We all want smart kids, don’t we? (Given that they are healthy and happy, that is) It is definitely a great desire of all mums and parents, as we can see from the hype and growing spending on DHA and Omega3. One of the first measurements at an early age, is how quickly Baby starts to understand us, and how large his or her repertoire of vocabulary is by a certain age. I’m not a pro in this area (i.e. language development), but I have engaged my own son in infant language studies (involve them in research from a young age!), and I think my son has done pretty well in that aspect. By that, I mean a top 15 percentile on a Bayley Scales of Infant Development at 1 year old, and top 1 percentile by the time he was 18 months old. He started understanding simple vocabulary by 6-7 months (e.g. pointing to the aeroplane or the fan when we mention it), and by 10 months, could follow detailed instructions (e.g. the magnet on the fridge can stick on any metal. Try the chair! Remember to stick the black part of the magnet there, as the front side with the picture will not stick). He also started saying “mama” by 5 months, other single words by 9 months, phrases by 15 months and fully conversational in 2 languages by 18 months. I wouldn’t say he is a genius, but he definitely is on the faster end of the scale in terms of perceiving language and using it.
So just my 2 cents worth of what I tried doing with my son (no scientific proof to say these are game changers, but they seem to make sense)
- Talk to them. Talking to them means face to face, with eye contact, and not looking at your phone when mumbling random sentences. I mean talking to them like you would politely with any adult, with full eye contact, expressions and perfect conversational grammar. This is important as research has also shown that a baby who listens to instructions from a person speaking to him will remember the instructions, while another baby who listens to instructions through a radio (audio only) or television (audio and visual but no eye contact) will not.
- Articulate clearly. Which means no more mumbling. I have observed that my son spends a good portion of our conversations looking at my lips. He can hear perfectly well, but he lip reads probably to figure out how he can learn to make the same sounds as I do. So enunciate your words clearly for them to learn, and sometimes exaggerate and open your mouths wider just so they can observe easily.
- Read to them. Don’t wait until they can hold or flip the book before you read together. I started reading to my son the day we went home from the hospital. I sang to him as he nursed, but because he nursed for 40minutes each time, and 8 times a day, I ran out of songs that wouldn’t bore me. I ran out of new thoughts because I was exposed to nothing else besides him. So I read books. Since he couldn’t see yet, I read books that I myself would read. That included Reader’s Digest, novels, business books and even encyclopedias! Just keep reading and he will learn something. I had secretly hoped that he would even remember a thing or two from the encyclopedias that I read, but I will leave that for another post on “How to Raise a Genius”. LOL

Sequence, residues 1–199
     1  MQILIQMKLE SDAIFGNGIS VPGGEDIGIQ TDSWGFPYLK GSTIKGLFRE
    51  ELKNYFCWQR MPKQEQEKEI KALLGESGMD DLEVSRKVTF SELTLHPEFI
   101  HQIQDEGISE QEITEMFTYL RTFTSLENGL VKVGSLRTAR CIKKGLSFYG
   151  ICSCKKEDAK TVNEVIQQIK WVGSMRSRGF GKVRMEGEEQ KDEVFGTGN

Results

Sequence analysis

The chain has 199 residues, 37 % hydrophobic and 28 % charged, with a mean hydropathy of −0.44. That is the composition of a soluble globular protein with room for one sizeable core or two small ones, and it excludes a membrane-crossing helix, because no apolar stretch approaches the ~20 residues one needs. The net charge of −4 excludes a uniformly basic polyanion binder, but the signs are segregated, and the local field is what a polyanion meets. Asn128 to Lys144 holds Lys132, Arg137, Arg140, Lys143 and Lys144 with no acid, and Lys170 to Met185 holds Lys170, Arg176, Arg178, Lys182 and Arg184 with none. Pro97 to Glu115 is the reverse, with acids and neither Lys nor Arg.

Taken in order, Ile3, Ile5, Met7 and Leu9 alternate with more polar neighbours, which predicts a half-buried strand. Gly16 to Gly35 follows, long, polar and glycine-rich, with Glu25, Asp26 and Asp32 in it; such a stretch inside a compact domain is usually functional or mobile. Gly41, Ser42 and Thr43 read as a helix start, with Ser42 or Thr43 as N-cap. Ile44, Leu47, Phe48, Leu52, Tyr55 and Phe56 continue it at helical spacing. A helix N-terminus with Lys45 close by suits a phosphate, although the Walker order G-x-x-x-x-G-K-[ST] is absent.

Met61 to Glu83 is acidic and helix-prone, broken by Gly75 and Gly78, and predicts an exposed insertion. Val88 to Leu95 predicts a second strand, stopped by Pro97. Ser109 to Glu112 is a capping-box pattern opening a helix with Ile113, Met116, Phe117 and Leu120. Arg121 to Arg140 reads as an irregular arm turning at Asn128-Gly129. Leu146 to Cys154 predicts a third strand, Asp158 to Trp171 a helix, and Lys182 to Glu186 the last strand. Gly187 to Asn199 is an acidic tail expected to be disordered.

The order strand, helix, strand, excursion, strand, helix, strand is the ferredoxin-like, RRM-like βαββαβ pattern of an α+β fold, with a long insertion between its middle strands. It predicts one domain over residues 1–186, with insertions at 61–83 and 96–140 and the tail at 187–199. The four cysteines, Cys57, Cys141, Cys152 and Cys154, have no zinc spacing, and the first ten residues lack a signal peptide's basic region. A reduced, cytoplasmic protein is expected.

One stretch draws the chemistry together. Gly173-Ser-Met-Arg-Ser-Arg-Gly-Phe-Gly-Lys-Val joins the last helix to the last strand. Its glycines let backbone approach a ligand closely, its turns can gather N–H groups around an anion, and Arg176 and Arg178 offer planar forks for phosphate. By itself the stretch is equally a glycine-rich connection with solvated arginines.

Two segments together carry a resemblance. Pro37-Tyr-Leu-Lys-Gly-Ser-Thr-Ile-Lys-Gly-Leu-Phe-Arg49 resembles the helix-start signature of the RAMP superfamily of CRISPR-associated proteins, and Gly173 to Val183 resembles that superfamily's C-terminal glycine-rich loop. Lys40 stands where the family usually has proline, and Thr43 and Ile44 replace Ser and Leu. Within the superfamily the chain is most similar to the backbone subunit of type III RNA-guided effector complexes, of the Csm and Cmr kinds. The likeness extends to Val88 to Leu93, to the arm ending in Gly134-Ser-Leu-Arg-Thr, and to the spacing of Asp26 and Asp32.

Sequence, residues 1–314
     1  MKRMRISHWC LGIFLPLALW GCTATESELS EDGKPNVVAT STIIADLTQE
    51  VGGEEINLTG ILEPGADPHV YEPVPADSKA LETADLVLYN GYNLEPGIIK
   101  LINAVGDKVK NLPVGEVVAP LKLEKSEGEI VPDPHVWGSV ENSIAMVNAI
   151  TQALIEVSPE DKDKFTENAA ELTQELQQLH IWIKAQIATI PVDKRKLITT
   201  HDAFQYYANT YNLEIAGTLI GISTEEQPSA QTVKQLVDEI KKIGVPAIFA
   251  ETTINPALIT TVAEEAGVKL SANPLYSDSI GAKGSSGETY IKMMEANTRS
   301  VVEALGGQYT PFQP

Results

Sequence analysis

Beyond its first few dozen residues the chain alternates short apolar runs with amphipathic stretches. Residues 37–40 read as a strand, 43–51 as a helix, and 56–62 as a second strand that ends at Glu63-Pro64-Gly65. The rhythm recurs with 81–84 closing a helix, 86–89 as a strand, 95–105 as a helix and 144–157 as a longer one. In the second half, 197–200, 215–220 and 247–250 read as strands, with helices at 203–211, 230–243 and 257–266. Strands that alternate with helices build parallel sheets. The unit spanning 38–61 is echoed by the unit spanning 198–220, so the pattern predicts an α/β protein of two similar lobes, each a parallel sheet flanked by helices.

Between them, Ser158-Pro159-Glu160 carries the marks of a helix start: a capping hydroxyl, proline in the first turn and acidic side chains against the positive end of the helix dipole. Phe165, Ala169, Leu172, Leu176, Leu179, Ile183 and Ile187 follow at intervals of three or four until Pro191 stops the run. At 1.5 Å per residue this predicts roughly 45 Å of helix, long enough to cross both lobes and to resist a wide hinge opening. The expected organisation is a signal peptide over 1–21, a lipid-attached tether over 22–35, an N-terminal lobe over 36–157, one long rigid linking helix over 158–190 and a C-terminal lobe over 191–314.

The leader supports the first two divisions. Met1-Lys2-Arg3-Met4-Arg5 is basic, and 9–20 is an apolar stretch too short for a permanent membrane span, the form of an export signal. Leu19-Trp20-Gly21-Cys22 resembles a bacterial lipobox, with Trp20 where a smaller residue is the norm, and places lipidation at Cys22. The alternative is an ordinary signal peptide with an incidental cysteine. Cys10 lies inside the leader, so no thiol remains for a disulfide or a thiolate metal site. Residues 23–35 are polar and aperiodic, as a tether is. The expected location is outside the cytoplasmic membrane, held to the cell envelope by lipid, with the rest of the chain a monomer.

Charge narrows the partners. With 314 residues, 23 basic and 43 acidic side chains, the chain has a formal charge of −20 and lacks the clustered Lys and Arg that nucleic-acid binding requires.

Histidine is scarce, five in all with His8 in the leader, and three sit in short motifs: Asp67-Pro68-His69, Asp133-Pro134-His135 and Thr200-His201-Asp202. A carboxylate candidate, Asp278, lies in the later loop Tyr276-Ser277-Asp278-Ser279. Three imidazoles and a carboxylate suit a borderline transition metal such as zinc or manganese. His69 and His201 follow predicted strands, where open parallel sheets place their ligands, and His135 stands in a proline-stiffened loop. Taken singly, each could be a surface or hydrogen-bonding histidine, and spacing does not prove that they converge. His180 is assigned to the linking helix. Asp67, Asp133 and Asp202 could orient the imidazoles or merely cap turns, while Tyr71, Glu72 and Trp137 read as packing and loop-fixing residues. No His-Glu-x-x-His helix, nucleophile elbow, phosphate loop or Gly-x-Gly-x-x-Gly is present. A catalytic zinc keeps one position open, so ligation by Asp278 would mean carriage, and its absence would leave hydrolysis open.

- Think aloud. This allows you to talk to your child a lot more than normal. Your brain is always active and thinking about something, and if you verbalize your thoughts while having eye contact, it’s like having a permanent conversation with your child. So you can never say you have nothing else to talk about. Examples could be “what should I have for dinner tonight? I have 2 carrots that I bought last week, and a tomato left. I’m craving some hot soup, but I will need some potatoes to go along…” yada yada yada. Or “I haven’t been out shopping much lately, how about some online shopping later when you’re asleep? I should check out the latest sales on Amazon… or get that juicer that XXX mentioned on Facebook!”
- Use simple words. They are, after all, still babies learning a brand new language. Use simple words repeatedly so they can grasp the context which it is used it, and learn the meaning of the words.
- Speak with perfect grammar. Babies learn language from a young age – this means not just vocabulary, but also grammar. If you use baby babble or broken English just to emphasize certain words, your baby might end up learning a bunch of nouns but have trouble piecing them together in a grammatically correct sentence. Language learning starts young!
- Vary your vocabulary. It is tricky to keep repeating the same words to help them learn a new word, and at the same time remember to vary your vocabulary so they learn more. But one very common phrase is “Good Boy!” Regardless of what the baby did, parents and grandparents always exclaim “Good Boy!” Sometimes, being more specific helps. For example, “That’s an obedient boy, thanks for putting the toys back into the box!” or “Well done, you finished your meal!” That gives more meaning to your praise, is more specific so your child knows what he is being praised for, and also helps broaden his vocabulary.
- Be bilingual. This is a result of some studies performed by the Infant and Child Language Center, NUS, which shows that bilingual children learn faster than monolingual children.